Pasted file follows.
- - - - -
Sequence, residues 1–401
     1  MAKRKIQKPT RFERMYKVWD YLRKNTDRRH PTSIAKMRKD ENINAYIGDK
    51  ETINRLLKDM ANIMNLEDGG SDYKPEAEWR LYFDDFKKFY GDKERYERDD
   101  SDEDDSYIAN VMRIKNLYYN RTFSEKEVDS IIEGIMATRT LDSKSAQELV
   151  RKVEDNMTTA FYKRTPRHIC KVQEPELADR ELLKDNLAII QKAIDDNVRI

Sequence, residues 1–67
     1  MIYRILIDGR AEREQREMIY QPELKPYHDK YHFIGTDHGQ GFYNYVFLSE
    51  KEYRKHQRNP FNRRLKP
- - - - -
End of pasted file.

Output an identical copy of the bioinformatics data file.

Sequence, residues 1–401
     1  MAKRKIQKPT RFERMYKVWD YLRKNTDRRH PTSIAKMRKD ENINAYIGDK
    51  ETINRLLKDM ANIMNLEDGG SDYKPEAEWR LYFDDFKKFY GDKERYERDD
   101  SDEDDSYIAN VMRIKNLYYN RTFSEKEVDS IIEGIMATRT LDSKSAQELV
   151  RKVEDNMTTA FYKRTPRHIC KVQEPELADR ELLKDNLAII QKAIDDNVRI

Sequence, residues 1–67
     1  MIYRILIDGR AEREQREMIY QPELKPYHDK YHFIGTDHGQ GFYNYVFLSE
    51  KEYRKHQRNP FNRRLKP